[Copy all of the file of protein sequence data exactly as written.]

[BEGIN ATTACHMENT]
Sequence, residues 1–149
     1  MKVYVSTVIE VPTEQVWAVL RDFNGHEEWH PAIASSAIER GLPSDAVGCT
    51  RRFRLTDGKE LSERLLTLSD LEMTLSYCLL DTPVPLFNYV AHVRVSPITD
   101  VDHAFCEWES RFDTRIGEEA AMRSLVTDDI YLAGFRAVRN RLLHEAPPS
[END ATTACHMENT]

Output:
Sequence, residues 1–149
     1  MKVYVSTVIE VPTEQVWAVL RDFNGHEEWH PAIASSAIER GLPSDAVGCT
    51  RRFRLTDGKE LSERLLTLSD LEMTLSYCLL DTPVPLFNYV AHVRVSPITD
   101  VDHAFCEWES RFDTRIGEEA AMRSLVTDDI YLAGFRAVRN RLLHEAPPS